I looked in the pack, which was empty now except for the grenades. “No knife?” I asked. Her own blade, a slim one-edged Japanese model called a tanto, was prominently displayed her belt. At least she’d left the sword at home this time around.
“Nope,” she said. “I figured, if you want an edged weapon, you can just summon that sword of yours. Why carry it in?”
I frowned. “That won’t work,” I said absently, considering various options. “Tyrfing’s magic’s too strong. Draw it here, in the man’s own house, there’s an excellent chance he’ll know.”
“Oh. Oops. Uh…you want to take mine, or….”
I held up one hand for silence. “Hang on,” I said, still not really paying attention. “Something I want to try.” I concentrated on my hand, reached for power, and tried something I’d never really done before.
Recently, when I used my magic, it had occasionally generated frost. It drew water from the air, which condensed and froze around me. Ice, basically, which was for some reason generated by my use of power—or, at least once, from my simple presence.
I’d never actively tried to produce it, though. It was a trick, especially because I was deliberately not using any magic. I couldn’t think of how to reproduce the effect without doing so, but—inexplicably, undeniably—I knew that it was possible.
I thought about the first time it had happened, while we were escaping from Ryujin’s palace—and don’t miss the parallels there, God, you crazy sadist. It had been like stretching, like digging down deeper into myself than I had ever really gone before, like reaching into the depths of my soul and dragging out…what?
Power. Power and a cold, savage mentality that reminded me, to an uncomfortable extent, of Legion. Or, maybe a little more accurately, of the wolf that was Snowflake’s darker half. Ruthless practicality, cruel and feral hunger, and a disregard for those outside my pack so profound it was almost beautiful. The mind of a starving wolf. Something, I could feel instinctively, that had been born from necessity, from a crueler and colder and more savage world than I could really begin to understand.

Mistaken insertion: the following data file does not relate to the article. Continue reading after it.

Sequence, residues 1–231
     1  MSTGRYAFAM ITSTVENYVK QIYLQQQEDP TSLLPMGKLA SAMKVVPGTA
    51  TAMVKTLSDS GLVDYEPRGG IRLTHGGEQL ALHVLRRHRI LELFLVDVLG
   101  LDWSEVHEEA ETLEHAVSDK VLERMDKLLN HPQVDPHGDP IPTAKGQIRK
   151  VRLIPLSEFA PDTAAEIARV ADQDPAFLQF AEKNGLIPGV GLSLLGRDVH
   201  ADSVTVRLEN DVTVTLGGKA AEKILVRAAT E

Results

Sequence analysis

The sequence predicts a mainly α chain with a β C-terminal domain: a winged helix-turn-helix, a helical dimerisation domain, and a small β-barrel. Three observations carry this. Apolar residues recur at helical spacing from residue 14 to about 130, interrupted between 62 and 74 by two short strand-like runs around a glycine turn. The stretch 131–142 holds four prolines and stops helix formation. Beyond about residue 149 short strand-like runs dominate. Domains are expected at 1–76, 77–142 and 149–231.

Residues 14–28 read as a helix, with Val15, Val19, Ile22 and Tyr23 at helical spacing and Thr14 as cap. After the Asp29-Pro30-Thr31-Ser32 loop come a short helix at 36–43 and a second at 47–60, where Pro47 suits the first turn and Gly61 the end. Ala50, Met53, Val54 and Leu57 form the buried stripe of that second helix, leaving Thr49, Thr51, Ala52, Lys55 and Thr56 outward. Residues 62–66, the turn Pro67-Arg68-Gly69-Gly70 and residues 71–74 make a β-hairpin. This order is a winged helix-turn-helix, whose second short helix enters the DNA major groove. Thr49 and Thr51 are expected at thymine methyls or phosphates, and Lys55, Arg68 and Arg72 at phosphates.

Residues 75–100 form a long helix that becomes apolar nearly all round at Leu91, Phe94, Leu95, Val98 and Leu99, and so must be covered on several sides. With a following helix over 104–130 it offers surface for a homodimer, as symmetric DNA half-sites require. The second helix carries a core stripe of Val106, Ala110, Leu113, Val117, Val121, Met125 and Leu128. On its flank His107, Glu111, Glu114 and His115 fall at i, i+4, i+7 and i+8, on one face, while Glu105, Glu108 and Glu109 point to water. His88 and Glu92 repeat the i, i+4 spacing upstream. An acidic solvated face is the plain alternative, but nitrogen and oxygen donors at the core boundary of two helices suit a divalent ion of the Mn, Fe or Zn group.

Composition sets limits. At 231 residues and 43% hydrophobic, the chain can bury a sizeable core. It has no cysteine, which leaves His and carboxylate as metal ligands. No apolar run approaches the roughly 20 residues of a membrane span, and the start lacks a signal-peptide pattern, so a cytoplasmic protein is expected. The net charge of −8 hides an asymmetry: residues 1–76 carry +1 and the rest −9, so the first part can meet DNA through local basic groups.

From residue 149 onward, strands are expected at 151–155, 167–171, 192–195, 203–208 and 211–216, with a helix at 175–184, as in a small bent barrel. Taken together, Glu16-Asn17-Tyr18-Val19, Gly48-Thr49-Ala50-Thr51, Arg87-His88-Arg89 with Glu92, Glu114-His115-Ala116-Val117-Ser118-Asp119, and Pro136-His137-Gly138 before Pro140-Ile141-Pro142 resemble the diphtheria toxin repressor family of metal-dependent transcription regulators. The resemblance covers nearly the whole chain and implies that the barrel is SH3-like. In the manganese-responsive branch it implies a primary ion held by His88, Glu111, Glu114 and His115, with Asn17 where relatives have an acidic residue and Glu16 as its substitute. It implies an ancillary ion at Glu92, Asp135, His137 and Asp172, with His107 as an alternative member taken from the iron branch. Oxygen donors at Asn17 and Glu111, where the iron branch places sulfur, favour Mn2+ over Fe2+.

Ten thousand years of winter, an icy voice seemed to whisper in my mind. I could, just barely, recognize it as my own. Ten thousand years of winter in your blood, the darkness and the cold and nobody to ask for help….
I shivered and cut it off, opening my eyes. What I saw was…unsettling.
My body was covered in frost. It had coated me from head to toe, spread across the floor, plugged my ears and filled my mouth like a snow cone. When I shifted my weight it made a crunching, crackling sound, like packing down snow. There were literally tiny icicles hanging from my nostrils, lips, from the edge of my shirt and the hem of my jeans.
And I wasn’t cold. Not even a little. Not externally, at least. Inside I could feel that voice, that terrible cold voice that was still mine, echoing inside my head.
I concentrated on my upraised hand, focusing my will instinctively in a way that I didn’t even begin to actually understand. Frost melted, shifted, flowed, and gathered, directed by my instruction.
A minute or so later, all the water that had condensed out of the air onto me had migrated to my hand. More specifically, it had concentrated into a single, relatively massive icicle, defying all logic by growing up out of my palm. It kept growing, until it was about six inches long and an inch wide at the base, narrowing to a literally needle-sharp point. I broke it off with my other hand.
It didn’t seem like normal ice. It didn’t slip around in my grip, for one thing. It wasn’t cold. And, most telling, it didn’t melt. Not normal ice behavior at all.
Unless, you know. It was me that wasn’t quite normal.
“Nice trick,” Aiko said, staring at the improv dagger with open envy. “You never told me you could do that.”
“I never knew I could,” I said, shrugging. “Not ’til just now. Shall we get a move on?”
“What’s the plan?” she asked, shouldering the near-empty pack.
I chewed my lip for a moment. “We can’t fight Jon and his goons at the same time. Therefore, the goons must go.”
“I’m not seeing much of a choice on that. I don’t have a way to get them all to leave, except by killing them.”
She nodded. “Right, then. This is the basement level. I’m pretty sure Jon’s on the top floor, four levels up.”
“Figures,” I muttered. “As Conn likes to say, mages are like cats. They’re never comfortable unless they’re looking down on somebody.” I gestured grandiosely at the door with my icicle. “After you, m’lady.”
She made a rude gesture and opened the door, drawing her magic into a concealing shroud around us again as she did. The sorta-dogs crowded on our feet as we left.